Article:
How to Get a Job Teaching English (EFL) in Spain

Teaching in Spain also involves lots of socializing – copyright Jgt;Ro, Creative Commons

Teaching English or EFL (English as a Foreign Language) is popular with westerners who either want to spend a short time living and traveling in Spain, or wish to move there permanently.

While not a job that pays a high salary, if you move to a large city like Barcelona or Madrid, or to an area with a high tourist population (where people need to speak English), it can be relatively easy to get a job.

Of course, with the current terrible economic climate in Spain due to government lockdowns because of Covid-19, finding a teaching job is far more difficult than just a couple of years ago. But, if you persevere, nothing is impossible.


One important note – Be aware, it is far easier for someone who is from another EU country to get a job teaching English in Spain than it is for an American or, since Brexit, a Brit.

Most Americans find it difficult to get English teaching jobs, legal ones that is, as it is more difficult for an American (some say impossible), to obtain a work permit and all the other necessary documents. Since Brexit, the same is likely to hold true for anyone who is British.

Other EU citizens, do not need work permits, so schools are much more likely to hire them.

Become TEFL or CELTA certified – Take a short TEFL or CELTA course (usually six weeks) anywhere in the world before you venture to teach English in Spain.

A TEFL or CELTA is often a required qualification to get many jobs in Spain, so having one already in head is advisable.

TEFL stands for Teaching English as a Foreign Language, whereas CELTA is short for Certificate in Teaching English Language to Adults.

Prepare a CV – You must have a professional CV (resume), with any pertinent teaching experience on it as well as your educational qualification, including your TEFL. Also include names and phone numbers of references, as some schools will call them.

Jobs in Private and Public Schools – While available, they are some of the most difficult to get.  Many schools want someone, of course, who is a fully-qualified English teacher in their country.

Plus, the curriculum is taught in the Spanish language, so if you don’t speak it, schools can be reticent to hire you. Too difficult to communicate with you.


Jobs with Language Schools – Some of the most popular English teaching jobs in Spain are with language schools but, like in just about any other country, they are also some of the poorest paid compared to the number of hours you have to work. They are however a good place to start looking for a job.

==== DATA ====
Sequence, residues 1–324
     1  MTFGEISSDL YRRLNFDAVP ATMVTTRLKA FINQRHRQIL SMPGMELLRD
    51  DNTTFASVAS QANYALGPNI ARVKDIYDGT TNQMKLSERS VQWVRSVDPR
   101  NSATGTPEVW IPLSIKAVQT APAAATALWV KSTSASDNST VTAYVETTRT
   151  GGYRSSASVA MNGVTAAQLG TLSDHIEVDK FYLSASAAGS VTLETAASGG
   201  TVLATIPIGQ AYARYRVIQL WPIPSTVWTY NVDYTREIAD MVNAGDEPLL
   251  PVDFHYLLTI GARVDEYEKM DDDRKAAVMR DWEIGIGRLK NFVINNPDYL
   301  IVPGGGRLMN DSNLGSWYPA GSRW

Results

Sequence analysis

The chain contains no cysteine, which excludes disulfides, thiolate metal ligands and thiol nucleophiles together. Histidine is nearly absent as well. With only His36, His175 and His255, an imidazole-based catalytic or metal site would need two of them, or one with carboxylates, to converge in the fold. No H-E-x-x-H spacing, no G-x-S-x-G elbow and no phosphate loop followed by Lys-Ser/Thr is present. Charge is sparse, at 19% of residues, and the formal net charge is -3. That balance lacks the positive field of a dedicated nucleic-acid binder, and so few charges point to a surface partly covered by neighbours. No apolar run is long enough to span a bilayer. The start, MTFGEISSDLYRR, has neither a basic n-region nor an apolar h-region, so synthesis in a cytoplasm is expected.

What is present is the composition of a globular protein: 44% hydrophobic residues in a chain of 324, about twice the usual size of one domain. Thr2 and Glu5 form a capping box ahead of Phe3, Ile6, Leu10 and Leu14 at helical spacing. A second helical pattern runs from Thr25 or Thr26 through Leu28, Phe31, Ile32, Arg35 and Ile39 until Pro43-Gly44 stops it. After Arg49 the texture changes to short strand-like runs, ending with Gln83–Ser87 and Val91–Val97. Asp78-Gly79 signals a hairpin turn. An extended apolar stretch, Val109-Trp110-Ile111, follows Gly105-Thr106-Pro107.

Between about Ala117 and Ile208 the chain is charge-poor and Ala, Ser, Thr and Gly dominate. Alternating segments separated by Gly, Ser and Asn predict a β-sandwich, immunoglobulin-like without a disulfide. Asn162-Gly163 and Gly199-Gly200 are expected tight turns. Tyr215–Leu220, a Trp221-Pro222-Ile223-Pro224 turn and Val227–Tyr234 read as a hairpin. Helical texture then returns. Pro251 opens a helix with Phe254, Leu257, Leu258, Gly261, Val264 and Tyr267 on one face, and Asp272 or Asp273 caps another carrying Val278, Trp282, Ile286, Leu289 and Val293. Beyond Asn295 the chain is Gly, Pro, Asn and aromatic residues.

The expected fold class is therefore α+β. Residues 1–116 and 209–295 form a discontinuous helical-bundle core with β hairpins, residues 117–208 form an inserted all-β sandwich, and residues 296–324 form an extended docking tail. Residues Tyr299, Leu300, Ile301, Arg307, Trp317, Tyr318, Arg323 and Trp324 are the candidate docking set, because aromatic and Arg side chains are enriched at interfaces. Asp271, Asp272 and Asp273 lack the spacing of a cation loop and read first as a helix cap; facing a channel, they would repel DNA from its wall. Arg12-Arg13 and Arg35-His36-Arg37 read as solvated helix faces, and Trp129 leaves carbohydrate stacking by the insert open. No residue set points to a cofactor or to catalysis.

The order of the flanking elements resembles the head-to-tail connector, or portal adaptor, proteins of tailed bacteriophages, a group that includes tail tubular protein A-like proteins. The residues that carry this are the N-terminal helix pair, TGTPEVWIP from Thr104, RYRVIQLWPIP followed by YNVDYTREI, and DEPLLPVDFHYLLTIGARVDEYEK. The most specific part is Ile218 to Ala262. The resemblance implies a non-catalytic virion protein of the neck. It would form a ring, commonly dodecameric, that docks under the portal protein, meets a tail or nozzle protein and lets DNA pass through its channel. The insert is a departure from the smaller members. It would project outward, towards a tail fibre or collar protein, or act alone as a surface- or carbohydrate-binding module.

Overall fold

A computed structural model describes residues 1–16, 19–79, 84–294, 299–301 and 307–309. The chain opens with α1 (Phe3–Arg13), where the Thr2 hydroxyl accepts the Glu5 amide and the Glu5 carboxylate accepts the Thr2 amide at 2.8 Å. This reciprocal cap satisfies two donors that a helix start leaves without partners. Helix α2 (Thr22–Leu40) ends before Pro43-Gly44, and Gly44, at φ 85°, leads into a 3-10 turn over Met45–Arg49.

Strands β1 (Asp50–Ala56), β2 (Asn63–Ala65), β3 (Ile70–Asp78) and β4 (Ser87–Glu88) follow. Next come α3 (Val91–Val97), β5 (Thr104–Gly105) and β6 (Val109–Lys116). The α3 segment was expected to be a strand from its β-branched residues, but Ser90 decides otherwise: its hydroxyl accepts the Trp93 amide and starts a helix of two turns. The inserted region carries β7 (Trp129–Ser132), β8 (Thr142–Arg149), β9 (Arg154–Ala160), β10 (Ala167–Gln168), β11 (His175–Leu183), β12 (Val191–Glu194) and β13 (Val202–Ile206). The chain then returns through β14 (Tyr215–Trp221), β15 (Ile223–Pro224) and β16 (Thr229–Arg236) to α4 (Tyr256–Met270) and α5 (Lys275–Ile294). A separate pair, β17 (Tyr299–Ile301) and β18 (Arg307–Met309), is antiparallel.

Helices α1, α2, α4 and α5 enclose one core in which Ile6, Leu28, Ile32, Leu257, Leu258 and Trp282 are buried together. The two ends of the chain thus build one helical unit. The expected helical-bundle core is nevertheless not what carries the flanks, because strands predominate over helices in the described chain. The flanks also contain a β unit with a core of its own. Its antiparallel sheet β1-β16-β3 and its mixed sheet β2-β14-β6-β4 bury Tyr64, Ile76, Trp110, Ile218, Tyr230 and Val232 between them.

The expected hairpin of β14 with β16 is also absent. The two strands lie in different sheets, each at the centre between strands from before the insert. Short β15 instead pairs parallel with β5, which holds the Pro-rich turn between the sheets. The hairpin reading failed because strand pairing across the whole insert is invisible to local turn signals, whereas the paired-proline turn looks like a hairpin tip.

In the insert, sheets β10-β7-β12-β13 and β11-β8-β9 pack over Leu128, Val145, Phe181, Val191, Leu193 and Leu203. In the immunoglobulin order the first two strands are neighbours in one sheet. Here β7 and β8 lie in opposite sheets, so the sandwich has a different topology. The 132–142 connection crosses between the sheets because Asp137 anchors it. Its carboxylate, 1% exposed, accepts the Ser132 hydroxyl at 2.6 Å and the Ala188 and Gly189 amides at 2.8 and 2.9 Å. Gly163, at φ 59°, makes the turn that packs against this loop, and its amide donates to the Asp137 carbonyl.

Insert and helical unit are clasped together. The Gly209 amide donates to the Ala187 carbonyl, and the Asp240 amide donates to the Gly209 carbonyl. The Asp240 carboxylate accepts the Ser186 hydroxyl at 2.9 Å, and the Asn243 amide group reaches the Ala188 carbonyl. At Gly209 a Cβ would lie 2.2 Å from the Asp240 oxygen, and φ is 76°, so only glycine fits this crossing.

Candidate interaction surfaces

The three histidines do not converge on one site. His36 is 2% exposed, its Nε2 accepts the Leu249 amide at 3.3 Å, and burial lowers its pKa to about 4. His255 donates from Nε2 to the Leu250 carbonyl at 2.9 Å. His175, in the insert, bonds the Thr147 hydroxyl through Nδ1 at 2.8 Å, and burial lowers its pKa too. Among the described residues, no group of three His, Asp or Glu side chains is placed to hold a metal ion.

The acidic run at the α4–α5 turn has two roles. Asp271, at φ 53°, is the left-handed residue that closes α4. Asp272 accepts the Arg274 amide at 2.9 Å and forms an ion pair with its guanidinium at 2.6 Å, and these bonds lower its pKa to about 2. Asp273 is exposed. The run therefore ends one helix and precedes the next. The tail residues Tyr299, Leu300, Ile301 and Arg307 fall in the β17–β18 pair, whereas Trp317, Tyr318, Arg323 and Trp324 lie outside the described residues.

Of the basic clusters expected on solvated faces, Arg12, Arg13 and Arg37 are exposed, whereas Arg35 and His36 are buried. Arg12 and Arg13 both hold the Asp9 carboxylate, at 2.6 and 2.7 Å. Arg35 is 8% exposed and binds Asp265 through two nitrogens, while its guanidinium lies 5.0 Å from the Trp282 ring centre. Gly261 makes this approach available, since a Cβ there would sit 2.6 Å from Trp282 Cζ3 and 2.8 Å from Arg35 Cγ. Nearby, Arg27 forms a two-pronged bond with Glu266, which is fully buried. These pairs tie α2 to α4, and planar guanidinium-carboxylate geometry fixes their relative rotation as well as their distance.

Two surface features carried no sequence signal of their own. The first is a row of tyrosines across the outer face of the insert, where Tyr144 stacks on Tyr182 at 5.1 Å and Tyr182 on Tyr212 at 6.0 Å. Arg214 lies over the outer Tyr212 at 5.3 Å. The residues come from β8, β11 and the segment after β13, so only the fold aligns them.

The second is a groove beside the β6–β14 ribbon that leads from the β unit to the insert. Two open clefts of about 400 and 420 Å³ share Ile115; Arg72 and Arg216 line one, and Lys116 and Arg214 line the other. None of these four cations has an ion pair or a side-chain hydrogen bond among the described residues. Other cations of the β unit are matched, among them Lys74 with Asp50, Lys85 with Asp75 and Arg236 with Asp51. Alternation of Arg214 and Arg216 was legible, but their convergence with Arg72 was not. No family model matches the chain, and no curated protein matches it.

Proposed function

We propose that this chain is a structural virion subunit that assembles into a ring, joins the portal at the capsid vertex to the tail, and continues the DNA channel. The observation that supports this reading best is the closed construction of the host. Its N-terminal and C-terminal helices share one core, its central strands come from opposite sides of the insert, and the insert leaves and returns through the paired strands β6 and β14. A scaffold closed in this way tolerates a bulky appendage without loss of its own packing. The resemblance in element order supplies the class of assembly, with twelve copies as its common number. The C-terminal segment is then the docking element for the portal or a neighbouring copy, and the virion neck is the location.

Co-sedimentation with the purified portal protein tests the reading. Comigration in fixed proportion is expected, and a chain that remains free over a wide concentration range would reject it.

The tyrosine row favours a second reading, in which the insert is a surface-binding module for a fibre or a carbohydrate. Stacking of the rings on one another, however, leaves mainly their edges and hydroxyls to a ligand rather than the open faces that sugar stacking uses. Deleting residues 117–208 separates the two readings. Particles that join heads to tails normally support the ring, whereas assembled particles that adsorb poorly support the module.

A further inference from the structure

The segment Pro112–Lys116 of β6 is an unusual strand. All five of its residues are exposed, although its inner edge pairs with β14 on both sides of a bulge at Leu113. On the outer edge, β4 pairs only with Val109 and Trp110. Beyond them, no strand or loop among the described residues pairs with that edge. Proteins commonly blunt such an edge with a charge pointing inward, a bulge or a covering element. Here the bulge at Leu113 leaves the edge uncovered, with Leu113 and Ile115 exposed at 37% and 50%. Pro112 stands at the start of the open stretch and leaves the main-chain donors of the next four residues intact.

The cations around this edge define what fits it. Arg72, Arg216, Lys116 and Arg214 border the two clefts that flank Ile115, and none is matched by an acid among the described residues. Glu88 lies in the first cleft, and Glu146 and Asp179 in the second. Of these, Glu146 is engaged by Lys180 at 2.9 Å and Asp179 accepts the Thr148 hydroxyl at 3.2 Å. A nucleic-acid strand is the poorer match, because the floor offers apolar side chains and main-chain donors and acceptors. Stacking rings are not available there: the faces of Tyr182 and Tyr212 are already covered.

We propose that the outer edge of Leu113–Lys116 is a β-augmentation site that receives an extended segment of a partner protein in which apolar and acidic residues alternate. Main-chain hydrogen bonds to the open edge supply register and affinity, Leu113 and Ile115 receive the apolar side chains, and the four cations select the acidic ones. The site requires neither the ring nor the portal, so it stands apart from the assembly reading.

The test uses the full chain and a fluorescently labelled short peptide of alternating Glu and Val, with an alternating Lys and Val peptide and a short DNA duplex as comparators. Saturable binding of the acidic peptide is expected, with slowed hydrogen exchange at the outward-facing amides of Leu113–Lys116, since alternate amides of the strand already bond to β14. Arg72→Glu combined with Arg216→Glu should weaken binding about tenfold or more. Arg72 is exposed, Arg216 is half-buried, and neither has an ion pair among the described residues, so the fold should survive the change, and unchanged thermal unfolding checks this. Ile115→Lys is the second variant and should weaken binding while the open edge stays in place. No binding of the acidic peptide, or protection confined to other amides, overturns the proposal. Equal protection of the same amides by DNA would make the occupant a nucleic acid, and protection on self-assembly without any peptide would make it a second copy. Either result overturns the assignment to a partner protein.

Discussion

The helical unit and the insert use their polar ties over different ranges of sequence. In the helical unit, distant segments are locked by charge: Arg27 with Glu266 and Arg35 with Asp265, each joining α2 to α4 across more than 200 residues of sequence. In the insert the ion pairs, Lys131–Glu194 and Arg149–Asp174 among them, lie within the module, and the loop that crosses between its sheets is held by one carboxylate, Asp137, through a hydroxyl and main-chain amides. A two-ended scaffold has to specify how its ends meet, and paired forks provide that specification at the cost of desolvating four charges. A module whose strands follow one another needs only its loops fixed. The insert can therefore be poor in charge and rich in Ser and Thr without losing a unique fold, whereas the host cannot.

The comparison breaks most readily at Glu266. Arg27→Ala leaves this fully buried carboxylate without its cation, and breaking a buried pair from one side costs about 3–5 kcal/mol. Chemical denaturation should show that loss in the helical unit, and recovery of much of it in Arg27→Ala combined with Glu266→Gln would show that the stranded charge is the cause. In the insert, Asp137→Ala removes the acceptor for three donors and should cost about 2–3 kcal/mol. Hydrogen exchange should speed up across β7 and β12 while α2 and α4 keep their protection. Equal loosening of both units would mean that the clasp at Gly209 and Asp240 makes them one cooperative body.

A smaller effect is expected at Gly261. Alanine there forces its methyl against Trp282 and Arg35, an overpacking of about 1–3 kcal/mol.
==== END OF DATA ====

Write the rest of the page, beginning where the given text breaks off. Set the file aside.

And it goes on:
Start by going to all the language schools in the area of Spain you are living in. Be well dressed, speak as much Spanish as you can, and leave a copy of your CV (with correct contact information on it) and a photograph.


Look for Private Students – Getting set up with private students is a great way to start your teaching career in Spain, particularly if you need money fast.

Put up flyers at local supermarkets, coffee shops, restaurants and community centers – anywhere where they will let you put up flyers.  Advertise on Craig’s List online or on, and put an ad in a local newspaper. There are many free community newspapers in Spain and advertising rates are inexpensive. Use them.

Rates for private teaching are actually quite high, with average charges between €25 – €40 per hour.

Teach at Summer Camps – If you are lucky enough to arrive in Spain at the beginning of the summer, set yourself up with a job at a summer camp. They’re short term, a great way to make some quick cash, often fun and, if you hate it, you’re not stuck there for the next year.

Plus, meals are free and so is the rent. Most summer courses will last one to two months, with various kids coming in and out for blocks of two weeks or a month at a time. Salaries run between around €1,000-€2,000 a month. Not bad as, because all your expenses are paid, you should be able to save at least 75% of it.

If you are moving to Spain without a teaching job, don’t forget you’ll need money to live on while you’re looking.

For anyone who is an EU citizen, at least €3,000 is the norm, as that will give you enough money for just about any projected expense, while your first pay check comes in.

For an American or now a Brit, at least €6,000, as it will take you much longer to find a full-time job, if that is what you’re looking for.